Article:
Valve element 40 is rotatable in bushing 34 about its own axis. Thus, when the first valve assembly is mounted in first body member 10, and bushing 34 restrained against rotation in body member 10, valve element 40 is also rotatable with respect to body member 10. Such mounting is accomplished by inserting the first valve assembly through the larger or counterbored end 22c of bore 22a, 22b, 22c in first body member 10. Flange 36 is sized to fit within counterbore 22c and abut the shoulder formed at the juncture of that counterbore and bore section 22b to limit inward movement of bushing 34. A key pin 52 is inserted into a radial slot 54 in flange 36 and also into a recess 56 in body member 10 offset from the centerline of bore 22a, 22b, 22c. Thus, pin 52 prevents rotation of bushing 34 in body member 10. Housing member 18 is then mounted upon the outer extremity of body member 10 in any suitable manner so that it retains the valve assembly and pin 52 in body member 10. A helical compression spring 58 is disposed coaxially between bushing 34 and valve element 40 and bears on flanges 38 and 42 to restrain valve element 40 against inward movement in body member 10.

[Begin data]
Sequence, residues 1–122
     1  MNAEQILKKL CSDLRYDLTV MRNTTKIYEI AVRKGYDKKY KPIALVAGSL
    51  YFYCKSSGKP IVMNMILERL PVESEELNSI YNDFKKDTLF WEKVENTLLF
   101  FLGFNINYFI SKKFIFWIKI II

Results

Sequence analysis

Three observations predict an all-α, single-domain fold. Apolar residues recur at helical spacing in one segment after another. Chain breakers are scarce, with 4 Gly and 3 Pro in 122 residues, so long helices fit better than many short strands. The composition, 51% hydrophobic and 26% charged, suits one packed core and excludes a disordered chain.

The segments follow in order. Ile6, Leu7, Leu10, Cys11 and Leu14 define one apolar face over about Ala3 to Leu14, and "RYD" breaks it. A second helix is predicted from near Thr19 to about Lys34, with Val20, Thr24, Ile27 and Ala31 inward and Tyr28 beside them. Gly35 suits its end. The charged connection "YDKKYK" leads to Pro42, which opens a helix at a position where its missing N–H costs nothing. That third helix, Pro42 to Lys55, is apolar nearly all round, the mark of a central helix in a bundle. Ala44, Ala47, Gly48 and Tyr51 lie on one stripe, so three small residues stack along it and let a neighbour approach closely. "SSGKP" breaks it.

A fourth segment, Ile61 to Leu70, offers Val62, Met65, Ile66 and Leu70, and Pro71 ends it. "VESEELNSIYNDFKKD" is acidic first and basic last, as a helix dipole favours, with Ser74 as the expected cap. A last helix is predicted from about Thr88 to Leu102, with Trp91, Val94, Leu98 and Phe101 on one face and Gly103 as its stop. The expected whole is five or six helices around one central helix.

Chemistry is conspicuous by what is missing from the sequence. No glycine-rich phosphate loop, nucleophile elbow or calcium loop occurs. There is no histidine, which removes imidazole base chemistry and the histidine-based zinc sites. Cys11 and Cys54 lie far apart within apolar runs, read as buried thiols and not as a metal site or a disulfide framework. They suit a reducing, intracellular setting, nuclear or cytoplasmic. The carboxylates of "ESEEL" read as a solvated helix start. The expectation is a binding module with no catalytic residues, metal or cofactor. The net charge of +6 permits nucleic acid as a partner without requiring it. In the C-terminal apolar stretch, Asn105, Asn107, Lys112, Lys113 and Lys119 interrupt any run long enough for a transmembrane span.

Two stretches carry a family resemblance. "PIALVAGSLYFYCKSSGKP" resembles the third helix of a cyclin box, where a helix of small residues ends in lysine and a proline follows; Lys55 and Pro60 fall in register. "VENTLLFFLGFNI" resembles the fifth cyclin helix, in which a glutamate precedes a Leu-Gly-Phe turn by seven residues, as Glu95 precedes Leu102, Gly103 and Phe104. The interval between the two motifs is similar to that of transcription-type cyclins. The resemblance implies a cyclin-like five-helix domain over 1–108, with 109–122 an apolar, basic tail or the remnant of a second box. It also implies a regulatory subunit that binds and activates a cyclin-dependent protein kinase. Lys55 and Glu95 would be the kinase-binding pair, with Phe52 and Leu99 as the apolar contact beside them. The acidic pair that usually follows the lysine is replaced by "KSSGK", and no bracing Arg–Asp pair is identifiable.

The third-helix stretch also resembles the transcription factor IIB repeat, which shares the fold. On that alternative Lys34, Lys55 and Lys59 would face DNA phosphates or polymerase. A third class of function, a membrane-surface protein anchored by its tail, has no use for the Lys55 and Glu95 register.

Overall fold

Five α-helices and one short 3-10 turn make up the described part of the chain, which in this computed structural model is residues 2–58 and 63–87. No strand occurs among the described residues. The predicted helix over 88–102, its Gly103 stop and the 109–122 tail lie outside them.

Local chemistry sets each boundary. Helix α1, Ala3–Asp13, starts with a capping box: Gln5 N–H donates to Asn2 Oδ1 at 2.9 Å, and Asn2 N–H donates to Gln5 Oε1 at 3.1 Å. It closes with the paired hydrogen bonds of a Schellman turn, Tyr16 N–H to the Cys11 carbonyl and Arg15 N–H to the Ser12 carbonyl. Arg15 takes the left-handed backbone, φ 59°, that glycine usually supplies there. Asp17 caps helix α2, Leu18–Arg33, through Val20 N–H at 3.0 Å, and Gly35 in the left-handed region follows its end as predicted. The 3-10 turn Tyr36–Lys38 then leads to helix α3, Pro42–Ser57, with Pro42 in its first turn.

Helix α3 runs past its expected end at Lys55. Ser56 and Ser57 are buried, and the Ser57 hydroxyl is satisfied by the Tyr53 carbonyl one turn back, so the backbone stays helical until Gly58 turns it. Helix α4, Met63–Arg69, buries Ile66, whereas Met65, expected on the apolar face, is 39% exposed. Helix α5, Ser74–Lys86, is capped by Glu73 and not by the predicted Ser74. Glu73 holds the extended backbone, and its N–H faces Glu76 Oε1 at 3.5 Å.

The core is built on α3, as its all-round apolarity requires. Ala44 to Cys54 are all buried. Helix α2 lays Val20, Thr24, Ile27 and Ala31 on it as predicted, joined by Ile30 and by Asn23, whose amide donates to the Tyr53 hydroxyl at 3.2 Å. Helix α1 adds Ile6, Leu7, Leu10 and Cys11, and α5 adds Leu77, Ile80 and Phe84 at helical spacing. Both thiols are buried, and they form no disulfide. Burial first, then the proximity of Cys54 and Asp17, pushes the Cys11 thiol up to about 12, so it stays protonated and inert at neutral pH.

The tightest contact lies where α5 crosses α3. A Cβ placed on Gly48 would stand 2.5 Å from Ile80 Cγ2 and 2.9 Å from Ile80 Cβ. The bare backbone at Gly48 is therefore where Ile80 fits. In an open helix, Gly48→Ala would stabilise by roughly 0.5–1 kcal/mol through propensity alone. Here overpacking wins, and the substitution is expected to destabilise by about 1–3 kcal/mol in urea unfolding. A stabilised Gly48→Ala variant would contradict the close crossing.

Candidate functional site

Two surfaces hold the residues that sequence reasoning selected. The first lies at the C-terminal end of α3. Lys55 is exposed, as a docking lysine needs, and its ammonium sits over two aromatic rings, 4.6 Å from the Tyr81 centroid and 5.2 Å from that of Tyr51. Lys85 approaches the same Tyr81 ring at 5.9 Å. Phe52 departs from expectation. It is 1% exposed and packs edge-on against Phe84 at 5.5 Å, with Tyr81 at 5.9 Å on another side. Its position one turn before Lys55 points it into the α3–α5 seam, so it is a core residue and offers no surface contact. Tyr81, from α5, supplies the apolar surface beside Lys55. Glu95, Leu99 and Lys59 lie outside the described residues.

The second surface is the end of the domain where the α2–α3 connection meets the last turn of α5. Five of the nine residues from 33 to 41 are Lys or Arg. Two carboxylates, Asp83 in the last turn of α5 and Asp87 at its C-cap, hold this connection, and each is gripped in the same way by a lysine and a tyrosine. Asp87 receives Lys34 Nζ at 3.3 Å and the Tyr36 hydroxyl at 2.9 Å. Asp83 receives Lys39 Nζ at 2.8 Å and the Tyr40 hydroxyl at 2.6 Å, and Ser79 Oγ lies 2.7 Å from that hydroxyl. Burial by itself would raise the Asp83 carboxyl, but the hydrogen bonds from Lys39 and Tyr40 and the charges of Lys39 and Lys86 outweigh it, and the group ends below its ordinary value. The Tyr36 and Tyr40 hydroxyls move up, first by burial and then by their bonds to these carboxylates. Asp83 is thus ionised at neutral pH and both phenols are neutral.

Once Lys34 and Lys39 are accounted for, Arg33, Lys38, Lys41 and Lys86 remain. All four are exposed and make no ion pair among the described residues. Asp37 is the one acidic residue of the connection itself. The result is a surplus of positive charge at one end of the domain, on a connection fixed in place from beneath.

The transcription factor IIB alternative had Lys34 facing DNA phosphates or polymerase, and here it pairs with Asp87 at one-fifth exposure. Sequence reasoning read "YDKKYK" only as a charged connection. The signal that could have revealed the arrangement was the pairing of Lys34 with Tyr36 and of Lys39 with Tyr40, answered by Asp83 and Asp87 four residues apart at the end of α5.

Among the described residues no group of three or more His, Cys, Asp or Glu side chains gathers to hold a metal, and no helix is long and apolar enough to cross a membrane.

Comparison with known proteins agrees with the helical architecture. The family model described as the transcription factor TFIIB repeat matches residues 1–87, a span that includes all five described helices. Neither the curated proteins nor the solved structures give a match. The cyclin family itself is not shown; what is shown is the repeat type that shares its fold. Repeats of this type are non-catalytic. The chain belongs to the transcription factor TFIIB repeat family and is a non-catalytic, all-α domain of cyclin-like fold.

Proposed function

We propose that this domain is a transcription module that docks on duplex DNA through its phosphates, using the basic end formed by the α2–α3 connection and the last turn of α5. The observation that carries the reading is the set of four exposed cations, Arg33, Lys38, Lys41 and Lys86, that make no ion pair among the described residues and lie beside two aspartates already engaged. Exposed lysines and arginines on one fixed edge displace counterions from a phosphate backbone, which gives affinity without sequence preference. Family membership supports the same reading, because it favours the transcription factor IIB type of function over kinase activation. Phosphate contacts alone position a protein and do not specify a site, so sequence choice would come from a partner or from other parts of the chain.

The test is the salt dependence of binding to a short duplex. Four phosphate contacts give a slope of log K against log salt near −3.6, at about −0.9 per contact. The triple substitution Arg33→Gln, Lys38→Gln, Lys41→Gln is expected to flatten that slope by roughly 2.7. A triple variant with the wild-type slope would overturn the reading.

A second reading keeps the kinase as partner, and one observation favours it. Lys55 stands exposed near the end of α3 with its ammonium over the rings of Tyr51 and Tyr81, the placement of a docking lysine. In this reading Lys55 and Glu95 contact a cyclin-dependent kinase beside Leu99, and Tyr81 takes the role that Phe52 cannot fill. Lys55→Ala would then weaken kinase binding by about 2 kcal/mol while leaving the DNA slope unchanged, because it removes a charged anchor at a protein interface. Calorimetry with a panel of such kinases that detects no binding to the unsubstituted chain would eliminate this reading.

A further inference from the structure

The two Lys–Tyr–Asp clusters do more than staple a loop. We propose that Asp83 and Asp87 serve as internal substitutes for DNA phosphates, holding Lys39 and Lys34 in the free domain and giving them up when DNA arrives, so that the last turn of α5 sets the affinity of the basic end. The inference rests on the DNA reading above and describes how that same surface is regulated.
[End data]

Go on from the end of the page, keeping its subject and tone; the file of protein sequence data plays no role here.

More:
Valve element 40 is sized so that, when its outer end is properly engaged by housing member 18 as shown in FIG. 1, its inner end face 44 is substantially contiguous interface surface 14. The diameter of valve element 40 is sized for a sliding fit in bore section 22a. Therefore, end face 44 forms a continuation of interface surface 14. When valve element 40 is rotated to the position shown in FIG. 2, recess groove 46 is aligned with channel 24, recess groove 48 is aligned with channel 26, and recess groove 50 is aligned with channel 28. In other words, the recess 46, 48, 50 as a whole is aligned with all three channels 24, 26, and 28, the recess grooves essentially forming continuations of the respective channels with which they are aligned. Thus, channel 24 can communicate with both channels 26 and 28 via the recess 46, 48, 50.